In order to attain the object described above, an indirectly heated cathode of the present invention comprises a heater and an electron-emitting part. The heater has an alumina electrical insulating layer formed by layering and sintering alumina particles on a surface of a metal wire. The electron-emitting part receives heat from the heater and emits thermoelectrons. The indirectly heated cathode is characterized in that alumina particles contained in the alumina electrical insulating layer have a purity of at least 99.7 wt % and alumina particles with a particle size of 2 μm or less included in the alumina particles used for forming the alumina electrical insulating layer have a Na content of 20 ppm or less or the alumina particles used for forming the alumina electrical insulating layer have a Si content of 100 ppm or less.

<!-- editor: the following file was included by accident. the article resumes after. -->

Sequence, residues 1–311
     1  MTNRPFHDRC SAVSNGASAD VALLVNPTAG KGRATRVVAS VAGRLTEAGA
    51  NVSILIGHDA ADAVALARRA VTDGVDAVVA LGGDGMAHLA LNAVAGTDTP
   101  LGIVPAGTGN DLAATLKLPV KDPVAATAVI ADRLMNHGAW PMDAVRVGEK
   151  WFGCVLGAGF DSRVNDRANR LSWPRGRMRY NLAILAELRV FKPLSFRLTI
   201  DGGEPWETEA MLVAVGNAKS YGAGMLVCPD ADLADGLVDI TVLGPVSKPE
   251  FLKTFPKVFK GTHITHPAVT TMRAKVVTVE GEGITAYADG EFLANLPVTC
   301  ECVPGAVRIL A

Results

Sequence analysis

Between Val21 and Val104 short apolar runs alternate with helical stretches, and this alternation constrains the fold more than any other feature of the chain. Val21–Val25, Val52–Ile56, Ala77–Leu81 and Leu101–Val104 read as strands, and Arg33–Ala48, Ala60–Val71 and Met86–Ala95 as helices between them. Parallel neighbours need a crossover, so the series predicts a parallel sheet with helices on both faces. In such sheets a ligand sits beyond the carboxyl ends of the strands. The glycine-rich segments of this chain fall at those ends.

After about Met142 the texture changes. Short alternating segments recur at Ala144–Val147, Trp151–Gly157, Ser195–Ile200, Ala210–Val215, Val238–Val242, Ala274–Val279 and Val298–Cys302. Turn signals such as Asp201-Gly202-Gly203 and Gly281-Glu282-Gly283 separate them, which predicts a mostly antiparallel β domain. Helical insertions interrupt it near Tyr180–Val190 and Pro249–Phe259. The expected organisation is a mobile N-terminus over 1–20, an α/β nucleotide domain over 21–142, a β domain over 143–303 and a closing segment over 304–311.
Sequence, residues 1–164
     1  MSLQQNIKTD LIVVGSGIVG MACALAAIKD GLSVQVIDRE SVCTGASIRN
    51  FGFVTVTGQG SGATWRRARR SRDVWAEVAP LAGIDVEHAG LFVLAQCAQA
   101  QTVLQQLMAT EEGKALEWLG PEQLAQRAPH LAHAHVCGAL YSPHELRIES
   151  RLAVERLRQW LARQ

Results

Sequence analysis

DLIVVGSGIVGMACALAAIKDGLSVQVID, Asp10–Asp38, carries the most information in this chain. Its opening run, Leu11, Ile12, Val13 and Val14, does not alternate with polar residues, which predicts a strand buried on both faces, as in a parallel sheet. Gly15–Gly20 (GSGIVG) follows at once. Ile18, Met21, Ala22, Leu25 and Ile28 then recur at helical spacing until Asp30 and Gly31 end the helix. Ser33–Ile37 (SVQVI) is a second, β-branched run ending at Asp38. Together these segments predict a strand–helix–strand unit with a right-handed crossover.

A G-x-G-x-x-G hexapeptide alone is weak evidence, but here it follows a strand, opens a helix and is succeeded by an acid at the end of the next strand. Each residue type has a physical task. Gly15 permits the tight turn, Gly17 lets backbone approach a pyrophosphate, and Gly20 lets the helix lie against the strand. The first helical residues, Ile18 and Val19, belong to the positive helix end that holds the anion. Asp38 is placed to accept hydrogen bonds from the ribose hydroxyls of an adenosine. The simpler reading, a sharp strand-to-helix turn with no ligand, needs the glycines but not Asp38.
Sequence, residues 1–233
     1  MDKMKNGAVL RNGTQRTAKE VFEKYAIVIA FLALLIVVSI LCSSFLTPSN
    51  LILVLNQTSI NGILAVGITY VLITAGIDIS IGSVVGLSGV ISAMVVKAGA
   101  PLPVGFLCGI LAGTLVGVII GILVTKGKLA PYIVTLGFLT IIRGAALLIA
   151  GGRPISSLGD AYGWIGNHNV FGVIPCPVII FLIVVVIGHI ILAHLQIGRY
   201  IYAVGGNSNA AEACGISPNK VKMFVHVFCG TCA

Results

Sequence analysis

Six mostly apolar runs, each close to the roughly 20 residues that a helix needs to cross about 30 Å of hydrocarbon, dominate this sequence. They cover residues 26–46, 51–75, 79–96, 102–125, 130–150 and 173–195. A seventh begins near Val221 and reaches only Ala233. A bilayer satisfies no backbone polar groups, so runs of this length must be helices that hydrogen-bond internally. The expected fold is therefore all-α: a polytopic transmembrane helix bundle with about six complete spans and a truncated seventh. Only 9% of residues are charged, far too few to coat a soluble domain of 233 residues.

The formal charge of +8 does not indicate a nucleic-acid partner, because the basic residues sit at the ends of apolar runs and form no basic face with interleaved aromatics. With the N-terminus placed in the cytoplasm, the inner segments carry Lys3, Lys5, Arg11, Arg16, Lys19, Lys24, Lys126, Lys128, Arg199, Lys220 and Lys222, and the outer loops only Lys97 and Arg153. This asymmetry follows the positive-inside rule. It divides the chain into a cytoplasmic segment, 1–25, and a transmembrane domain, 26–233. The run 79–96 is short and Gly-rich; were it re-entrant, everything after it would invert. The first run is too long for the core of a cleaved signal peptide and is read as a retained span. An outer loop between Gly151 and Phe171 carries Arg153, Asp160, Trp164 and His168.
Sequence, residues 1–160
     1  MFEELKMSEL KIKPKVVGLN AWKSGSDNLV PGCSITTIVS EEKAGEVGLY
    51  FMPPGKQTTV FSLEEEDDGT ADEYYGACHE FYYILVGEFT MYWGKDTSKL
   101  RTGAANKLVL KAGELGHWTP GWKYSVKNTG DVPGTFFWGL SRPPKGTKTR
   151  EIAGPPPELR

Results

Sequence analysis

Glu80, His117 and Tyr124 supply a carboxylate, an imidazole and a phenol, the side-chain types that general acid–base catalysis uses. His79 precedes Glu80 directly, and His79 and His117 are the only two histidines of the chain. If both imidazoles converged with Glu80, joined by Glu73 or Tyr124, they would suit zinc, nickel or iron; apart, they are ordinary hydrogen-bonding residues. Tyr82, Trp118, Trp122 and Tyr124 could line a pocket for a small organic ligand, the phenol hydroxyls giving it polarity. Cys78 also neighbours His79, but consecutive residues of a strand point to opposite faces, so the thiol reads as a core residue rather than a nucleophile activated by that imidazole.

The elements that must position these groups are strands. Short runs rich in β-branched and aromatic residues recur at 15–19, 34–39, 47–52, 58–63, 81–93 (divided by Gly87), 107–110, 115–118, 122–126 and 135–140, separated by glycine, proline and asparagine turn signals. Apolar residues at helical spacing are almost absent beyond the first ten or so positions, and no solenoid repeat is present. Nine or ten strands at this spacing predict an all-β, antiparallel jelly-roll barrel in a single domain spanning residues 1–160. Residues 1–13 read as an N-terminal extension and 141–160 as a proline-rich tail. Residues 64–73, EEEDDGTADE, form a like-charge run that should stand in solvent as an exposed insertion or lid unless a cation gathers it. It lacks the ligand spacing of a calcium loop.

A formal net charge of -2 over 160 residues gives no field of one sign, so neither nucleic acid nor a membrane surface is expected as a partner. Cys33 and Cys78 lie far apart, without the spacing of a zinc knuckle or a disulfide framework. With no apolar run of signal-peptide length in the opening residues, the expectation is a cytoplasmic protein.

The cathode-ray tube of the present invention comprises a face plate having a phosphor screen on its inner surface, a funnel portion connected to the rear of the face plate, and a neck portion formed at the rear of the funnel portion. In the neck portion, an electron gun that emits electron beams is provided. In the cathode-ray tube, an indirectly heated cathode in the electron gun comprises a heater and an electron-emitting part. The heater has an alumina electrical insulating layer formed by layering and sintering alumina particles on a surface of a metal wire. The electron-emitting part receives heat from the heater and emits thermoelectrons. The indirectly heated cathode is characterized in that alumina particles contained in the alumina electrical insulating layer have a purity of at least 99.7 wt % and alumina particles with a particle size of 2 μm or less included in the alumina particles used for forming the alumina electrical insulating layer have a Na content of 20 ppm or less or the alumina particles used for forming the alumina electrical insulating layer have a Si content of 100 ppm or less.